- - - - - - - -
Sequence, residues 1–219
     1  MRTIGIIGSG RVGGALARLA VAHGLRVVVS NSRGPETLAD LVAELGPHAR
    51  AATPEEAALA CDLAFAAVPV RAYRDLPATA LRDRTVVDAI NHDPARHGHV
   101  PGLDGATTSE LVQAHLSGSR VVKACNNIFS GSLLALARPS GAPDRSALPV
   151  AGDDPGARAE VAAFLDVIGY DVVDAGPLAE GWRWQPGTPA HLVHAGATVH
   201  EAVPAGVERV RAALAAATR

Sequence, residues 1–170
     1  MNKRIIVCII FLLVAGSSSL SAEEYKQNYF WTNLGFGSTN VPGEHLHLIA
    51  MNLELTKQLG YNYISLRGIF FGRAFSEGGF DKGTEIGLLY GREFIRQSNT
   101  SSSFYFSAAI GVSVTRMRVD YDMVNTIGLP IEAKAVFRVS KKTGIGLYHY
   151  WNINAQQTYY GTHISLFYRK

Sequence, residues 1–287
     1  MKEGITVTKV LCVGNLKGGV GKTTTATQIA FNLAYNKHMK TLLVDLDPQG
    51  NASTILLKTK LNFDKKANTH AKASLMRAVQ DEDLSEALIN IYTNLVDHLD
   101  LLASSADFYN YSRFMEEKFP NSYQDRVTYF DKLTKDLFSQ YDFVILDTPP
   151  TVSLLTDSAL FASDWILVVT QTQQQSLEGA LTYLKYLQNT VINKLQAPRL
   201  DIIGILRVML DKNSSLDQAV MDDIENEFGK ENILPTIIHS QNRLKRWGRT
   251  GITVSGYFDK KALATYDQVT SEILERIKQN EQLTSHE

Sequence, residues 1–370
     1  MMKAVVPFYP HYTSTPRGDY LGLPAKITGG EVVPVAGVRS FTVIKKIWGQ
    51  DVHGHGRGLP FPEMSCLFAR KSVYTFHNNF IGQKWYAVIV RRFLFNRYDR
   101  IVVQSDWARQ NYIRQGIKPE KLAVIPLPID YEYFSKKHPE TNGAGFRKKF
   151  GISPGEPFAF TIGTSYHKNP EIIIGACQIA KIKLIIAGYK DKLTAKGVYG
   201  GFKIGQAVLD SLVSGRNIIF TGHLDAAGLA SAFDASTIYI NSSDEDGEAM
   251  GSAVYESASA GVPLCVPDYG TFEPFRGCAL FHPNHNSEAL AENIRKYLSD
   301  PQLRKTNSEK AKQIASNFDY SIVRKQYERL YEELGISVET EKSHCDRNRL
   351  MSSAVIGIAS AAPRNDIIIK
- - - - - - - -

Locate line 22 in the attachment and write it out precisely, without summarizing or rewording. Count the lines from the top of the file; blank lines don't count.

   101  IVVQSDWARQ NYIRQGIKPE KLAVIPLPID YEYFSKKHPE TNGAGFRKKF